INDIA: Human Rights Education to Reach 300,000 Schools by August 2011
(MissionNewswire) Human Rights Education is now being introduced in government schools in Andhra Pradesh, India, with the goal of reaching all 300,000 schools in the state by August 2011.
Andhra Pradesh is the first state in India to develop a Human Rights Education program for its government schools. Recently, training in the dynamics of Human Rights Education was given to 60 state level trainers. These trainers will bring their new skills to 23 district levels, that will in turn, reach all government schools in the state.
“When people are aware of their rights, they have the power to take part in the decision-making process. They do not have to depend solely on the government to create changes in society and improve their quality of life,” says Fr. Thomas Pallithanam, a Salesian priest who led the development of the program, along with chairperson, Shri K.R. Venugopal.
The program is called a “breakthrough in Human Rights Education” by Shri K.R. Venugopal, former principal secretary to three Prime Ministers and now special rapporteur for the National Human Rights Commission and chairperson of the AP State Human Rights Education Committee.
According to a 2007 report by the National Human Rights Commission, creation of a strong and pro-active human rights community has been long overdue in India. The report outlines ways to introduce Human Rights Education into school curriculum to achieve desired transformation in social, cultural and economic policies.
According to Amnesty International, serious human rights concerns in India include class discrimination, severe poverty and the failure to provide justice for victims of human rights abuses. The World Bank cites “a tale of ‘two Indias’” saying that “while one India is on a rapid development trajectory, the other has 300 million people living below the poverty line and wide gender, caste, ethnic and regional disparities.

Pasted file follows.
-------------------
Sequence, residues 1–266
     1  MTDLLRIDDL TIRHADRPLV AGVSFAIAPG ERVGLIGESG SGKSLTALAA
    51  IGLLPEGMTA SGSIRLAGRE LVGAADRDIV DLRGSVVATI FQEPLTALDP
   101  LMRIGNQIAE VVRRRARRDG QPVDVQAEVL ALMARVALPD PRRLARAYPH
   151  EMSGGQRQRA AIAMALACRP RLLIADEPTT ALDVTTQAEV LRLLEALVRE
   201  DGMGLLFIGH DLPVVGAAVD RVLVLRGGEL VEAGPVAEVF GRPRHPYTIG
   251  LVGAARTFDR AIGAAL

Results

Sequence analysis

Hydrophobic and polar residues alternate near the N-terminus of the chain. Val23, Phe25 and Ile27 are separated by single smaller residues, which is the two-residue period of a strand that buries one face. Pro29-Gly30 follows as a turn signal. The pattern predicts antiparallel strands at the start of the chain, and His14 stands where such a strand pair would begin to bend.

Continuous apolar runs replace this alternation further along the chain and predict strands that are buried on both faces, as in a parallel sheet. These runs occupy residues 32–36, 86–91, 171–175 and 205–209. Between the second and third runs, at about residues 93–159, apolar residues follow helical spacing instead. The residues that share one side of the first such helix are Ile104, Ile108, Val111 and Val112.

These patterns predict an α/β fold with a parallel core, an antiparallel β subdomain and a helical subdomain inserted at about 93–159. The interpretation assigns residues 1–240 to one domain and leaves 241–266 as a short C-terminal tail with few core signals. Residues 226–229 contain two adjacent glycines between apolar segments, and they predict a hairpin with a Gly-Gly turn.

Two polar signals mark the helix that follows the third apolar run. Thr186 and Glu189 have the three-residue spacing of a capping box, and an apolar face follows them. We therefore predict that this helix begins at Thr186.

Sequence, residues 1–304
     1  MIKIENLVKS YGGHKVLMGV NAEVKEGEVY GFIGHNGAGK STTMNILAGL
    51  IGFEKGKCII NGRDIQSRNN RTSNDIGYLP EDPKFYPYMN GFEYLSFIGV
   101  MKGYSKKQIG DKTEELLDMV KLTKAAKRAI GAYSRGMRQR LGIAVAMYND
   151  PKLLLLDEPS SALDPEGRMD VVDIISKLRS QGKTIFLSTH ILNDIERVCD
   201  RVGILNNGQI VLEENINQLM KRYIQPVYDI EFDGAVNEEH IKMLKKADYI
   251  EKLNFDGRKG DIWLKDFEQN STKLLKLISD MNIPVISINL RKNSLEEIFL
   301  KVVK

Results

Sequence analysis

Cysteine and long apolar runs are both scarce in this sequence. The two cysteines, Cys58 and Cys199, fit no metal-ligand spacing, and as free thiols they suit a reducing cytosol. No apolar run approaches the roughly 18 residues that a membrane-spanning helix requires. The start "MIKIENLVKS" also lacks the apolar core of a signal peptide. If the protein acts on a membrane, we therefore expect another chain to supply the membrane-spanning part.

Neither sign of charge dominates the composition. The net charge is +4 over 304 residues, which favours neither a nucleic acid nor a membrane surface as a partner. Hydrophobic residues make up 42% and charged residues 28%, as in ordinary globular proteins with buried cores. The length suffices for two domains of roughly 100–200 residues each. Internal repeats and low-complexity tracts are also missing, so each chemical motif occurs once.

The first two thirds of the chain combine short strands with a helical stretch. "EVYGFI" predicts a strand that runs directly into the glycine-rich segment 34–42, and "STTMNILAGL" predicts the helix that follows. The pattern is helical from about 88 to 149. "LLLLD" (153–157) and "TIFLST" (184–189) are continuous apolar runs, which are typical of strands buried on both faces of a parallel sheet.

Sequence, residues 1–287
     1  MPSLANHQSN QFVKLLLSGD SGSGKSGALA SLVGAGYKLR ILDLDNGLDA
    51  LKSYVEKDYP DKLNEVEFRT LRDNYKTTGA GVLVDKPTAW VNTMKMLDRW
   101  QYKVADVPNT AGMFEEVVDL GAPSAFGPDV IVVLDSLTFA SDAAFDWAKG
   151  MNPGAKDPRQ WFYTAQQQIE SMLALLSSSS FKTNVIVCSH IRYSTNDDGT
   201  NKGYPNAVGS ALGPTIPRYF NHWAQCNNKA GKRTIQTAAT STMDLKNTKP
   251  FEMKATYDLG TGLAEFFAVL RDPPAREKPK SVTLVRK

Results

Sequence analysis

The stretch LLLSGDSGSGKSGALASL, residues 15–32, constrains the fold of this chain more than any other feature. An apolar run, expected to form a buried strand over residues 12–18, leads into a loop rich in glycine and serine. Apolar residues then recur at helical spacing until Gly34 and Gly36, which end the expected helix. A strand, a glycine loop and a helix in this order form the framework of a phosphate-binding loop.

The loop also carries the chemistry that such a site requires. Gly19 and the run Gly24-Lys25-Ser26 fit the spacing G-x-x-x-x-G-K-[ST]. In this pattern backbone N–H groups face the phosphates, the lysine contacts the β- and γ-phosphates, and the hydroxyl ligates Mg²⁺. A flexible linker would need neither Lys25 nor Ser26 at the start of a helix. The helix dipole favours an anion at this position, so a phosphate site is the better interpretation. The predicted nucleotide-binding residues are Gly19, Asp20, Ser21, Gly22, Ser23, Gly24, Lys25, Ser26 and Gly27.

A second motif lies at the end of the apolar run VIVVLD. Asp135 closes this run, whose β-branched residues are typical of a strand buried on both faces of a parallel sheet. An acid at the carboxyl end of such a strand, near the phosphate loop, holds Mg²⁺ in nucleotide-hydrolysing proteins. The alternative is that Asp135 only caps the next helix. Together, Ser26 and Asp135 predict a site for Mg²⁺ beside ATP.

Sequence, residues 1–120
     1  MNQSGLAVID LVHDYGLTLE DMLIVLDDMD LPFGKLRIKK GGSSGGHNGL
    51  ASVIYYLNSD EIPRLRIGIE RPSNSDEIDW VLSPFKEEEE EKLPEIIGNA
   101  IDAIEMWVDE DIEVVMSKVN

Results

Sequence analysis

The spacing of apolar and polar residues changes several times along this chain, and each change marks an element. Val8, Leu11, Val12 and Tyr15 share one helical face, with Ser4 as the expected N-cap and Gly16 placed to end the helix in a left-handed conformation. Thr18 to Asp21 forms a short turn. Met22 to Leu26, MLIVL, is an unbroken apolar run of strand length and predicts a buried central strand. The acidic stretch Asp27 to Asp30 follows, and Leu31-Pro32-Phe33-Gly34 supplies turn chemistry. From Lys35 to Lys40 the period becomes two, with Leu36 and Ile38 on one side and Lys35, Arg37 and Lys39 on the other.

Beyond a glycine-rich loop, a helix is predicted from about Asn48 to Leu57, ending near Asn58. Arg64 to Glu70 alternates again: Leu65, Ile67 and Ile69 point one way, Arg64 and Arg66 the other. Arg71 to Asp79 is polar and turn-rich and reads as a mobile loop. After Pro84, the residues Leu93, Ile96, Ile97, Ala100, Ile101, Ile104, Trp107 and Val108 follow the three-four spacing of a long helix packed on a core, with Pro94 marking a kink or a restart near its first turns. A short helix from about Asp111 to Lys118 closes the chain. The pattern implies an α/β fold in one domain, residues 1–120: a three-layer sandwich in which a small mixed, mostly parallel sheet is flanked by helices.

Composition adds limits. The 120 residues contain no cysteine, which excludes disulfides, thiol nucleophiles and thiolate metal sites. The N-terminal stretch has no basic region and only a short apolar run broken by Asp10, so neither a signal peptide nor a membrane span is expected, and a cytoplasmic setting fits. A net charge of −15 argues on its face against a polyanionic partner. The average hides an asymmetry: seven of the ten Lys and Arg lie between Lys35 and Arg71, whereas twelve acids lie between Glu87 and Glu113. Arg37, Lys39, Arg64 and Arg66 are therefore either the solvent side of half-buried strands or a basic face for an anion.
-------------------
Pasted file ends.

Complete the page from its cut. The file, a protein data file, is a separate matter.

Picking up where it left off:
Participants in the inauguration of the Human Rights Education program included well-known child rights activists, a high court advocate and a representative from the National Law University.
A unique feature of this training program is the utilization of the Don Bosco educational concept known as the “Preventive System.” This approach was developed specifically for at-risk youth in the world’s poorest communities and utilizes a caring, holistic approach to education.
“We will be working to develop a culture of human rights in dealing with young people, as well as teaching them how to make positive changes in their lives that create hope for the future. Our goal is to take Human Rights Education out of the textbook and bring it into their daily lives,” says Fr. Pallithanam.
Fr. Pallithanam is a Salesian priest and a human rights activist in India associated with movements of the landless poor and the creation of women’s self-empowerment groups. He is also known for his work building community-based organizations in the village of Ravulapalem in the East Godavari district. He is currently serving as the director of the Peoples Action for Rural Awakening, a Don Bosco social action initiative which manages self-help groups in the area.